The ordeal over, John picked up a Sidney Sheldon’s novel on a convenience stool. The cover page torn off, it resembled an Amplifier Bible version. When the service became boring, John would open this and enjoy thriller and everyone would be the fool, thinking he read the word of God. Armed with Sheldon, he followed Viva out like a puppy on a leash. Outside, Viva slipped her hand into his. She loved the neighbours to think them a happy couple. Even when they fought, frequently, she tried not to raise her voice too much. When he amused her, rarely, she laughed too loud. For the neighbours. John’s suit had made him look more matured, adding two years to his 29. And they looked like a matching couple, when seen from a distance. His unsmiling face lent him authority, making it seem he was in charge.
‘I wish I own a car,’ she said when they stepped out of the gate into the potholes majority street lined with stinking gutters.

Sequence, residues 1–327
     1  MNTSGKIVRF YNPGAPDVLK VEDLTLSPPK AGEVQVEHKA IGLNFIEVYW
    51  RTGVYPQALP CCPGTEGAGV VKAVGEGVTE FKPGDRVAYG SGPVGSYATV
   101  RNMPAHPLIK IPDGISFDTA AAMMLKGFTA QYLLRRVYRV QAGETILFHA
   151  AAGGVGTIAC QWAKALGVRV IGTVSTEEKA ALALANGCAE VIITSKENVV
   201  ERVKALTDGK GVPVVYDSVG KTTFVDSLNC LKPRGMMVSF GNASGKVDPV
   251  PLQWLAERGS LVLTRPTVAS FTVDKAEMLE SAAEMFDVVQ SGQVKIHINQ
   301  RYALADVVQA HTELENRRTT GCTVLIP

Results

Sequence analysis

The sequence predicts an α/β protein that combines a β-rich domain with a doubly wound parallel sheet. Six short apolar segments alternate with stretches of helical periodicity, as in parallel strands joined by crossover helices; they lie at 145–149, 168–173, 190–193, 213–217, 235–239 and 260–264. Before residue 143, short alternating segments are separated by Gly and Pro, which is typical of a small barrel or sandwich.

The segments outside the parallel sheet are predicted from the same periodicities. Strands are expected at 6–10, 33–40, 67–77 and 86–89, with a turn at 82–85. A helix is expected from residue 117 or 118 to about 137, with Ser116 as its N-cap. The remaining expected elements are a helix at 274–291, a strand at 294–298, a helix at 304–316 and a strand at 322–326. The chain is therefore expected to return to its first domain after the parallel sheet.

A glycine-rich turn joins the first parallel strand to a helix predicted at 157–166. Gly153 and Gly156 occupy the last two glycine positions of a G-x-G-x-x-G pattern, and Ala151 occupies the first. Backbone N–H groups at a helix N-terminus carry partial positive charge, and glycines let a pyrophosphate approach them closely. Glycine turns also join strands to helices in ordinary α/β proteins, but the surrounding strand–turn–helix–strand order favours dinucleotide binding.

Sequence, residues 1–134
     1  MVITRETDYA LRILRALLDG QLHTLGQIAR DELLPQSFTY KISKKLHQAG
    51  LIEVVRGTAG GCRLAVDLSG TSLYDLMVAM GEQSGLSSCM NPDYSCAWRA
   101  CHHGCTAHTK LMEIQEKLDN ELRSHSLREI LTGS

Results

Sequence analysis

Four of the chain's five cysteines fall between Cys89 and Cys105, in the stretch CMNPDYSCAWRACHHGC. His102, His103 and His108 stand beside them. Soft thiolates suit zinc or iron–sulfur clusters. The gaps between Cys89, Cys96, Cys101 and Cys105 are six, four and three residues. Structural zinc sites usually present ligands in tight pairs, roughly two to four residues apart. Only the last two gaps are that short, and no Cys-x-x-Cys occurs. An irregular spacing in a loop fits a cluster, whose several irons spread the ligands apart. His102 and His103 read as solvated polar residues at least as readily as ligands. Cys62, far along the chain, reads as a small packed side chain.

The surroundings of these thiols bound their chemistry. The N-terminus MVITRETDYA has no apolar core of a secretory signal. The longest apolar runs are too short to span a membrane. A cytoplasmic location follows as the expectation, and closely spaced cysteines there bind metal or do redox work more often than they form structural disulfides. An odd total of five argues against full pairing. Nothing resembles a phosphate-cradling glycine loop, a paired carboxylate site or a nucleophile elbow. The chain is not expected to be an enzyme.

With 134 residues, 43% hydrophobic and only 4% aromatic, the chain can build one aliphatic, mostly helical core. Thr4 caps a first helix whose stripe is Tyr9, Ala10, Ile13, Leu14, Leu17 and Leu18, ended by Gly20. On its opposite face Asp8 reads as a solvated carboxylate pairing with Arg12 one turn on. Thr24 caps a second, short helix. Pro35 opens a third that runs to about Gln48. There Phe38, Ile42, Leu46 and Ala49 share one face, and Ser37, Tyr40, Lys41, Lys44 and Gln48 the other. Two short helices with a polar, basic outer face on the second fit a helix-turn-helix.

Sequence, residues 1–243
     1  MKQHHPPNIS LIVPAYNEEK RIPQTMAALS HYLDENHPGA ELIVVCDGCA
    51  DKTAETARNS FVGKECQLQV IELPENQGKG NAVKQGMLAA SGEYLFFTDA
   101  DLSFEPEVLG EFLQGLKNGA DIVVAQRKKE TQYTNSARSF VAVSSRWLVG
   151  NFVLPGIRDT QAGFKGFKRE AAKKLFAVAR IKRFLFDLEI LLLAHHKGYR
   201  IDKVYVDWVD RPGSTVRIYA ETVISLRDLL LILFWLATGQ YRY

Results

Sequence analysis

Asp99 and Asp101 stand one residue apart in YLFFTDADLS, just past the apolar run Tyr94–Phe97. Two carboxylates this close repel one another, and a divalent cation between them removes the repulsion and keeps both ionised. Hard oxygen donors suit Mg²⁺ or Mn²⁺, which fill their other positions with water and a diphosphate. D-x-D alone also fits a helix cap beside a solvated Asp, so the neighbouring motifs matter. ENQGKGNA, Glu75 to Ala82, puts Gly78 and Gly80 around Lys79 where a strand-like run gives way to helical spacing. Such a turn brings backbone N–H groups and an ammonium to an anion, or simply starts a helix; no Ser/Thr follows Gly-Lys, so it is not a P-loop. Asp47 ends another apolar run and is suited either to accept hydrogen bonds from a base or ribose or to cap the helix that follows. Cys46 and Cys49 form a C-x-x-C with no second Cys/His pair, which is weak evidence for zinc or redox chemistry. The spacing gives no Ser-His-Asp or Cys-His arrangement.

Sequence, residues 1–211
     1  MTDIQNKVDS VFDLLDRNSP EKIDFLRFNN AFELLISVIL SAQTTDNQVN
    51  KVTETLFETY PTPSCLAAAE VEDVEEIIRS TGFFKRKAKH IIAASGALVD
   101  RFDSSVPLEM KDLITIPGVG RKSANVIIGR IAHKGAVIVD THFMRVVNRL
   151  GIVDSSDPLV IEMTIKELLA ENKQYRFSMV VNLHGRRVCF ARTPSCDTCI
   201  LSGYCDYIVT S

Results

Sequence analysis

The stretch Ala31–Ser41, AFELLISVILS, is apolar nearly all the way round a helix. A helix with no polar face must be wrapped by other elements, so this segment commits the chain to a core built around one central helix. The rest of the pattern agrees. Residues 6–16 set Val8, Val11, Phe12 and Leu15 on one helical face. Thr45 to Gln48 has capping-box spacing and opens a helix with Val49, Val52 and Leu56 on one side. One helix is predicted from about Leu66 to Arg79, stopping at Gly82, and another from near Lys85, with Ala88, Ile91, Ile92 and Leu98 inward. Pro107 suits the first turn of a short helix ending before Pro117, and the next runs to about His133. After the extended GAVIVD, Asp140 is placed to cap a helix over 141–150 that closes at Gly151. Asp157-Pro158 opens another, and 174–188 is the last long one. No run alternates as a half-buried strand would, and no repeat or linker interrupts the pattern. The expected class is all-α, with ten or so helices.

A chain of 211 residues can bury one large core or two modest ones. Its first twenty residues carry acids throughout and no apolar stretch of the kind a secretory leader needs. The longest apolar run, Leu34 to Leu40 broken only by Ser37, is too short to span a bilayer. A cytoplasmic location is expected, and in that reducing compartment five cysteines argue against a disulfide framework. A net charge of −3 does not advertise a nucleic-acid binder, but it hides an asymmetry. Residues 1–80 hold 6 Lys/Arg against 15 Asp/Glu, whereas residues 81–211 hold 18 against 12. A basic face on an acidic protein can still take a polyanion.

‘I so hate arriving church on bike.’
Bikes were hard to see on Sundays as okada men take the day off after a week of unfruitfulness under the merciless sun. John silently prayed that no bike showed up. He feared they would have to trek it but it wasn’t all that bad, wasting time on the road. But Viva’s God was more alive, He sent a good neighbour with a Toyota Highlander and gave them a lift. The car had known happier days but it was a lot better than okada. When the car stopped right before the church door and John circled the rear to open her door, Viva stepped out, like a goddess.
Viva. Her real name was Vicky but John had taken to calling her Vivacious Vicky (although some times he secretly meant Vicious Vicky), and she had taken to the famed short version even using it on her BBM.
It was a great service, today (to Viva at least), great music, beautiful choir, high class members swerving graciously to the rhythm of God’s love. John was indifferent. Then the preacher stepped unto the pulpit. John was intrigued by the shady fry of his hair. His striking suit did worse to John, making John conscious of his own striking old suit. It was his best suit but the man of God made it look like the worst suit in Port Harcourt.